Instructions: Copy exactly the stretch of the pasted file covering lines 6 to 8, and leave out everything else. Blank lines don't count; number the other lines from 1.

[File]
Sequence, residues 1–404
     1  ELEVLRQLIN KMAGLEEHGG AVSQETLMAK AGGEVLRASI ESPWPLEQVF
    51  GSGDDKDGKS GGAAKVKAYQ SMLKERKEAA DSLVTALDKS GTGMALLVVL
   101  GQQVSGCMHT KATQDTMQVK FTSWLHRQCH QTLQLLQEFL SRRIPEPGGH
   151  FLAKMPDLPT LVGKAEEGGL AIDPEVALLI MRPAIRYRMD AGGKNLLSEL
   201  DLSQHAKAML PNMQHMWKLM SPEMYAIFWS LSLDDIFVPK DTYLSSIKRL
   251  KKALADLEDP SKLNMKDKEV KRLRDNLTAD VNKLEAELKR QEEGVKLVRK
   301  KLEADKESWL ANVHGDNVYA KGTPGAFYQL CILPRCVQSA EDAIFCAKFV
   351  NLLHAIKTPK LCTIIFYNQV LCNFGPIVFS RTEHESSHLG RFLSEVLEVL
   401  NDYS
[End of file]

   201  DLSQHAKAML PNMQHMWKLM SPEMYAIFWS LSLDDIFVPK DTYLSSIKRL
   251  KKALADLEDP SKLNMKDKEV KRLRDNLTAD VNKLEAELKR QEEGVKLVRK
   301  KLEADKESWL ANVHGDNVYA KGTPGAFYQL CILPRCVQSA EDAIFCAKFV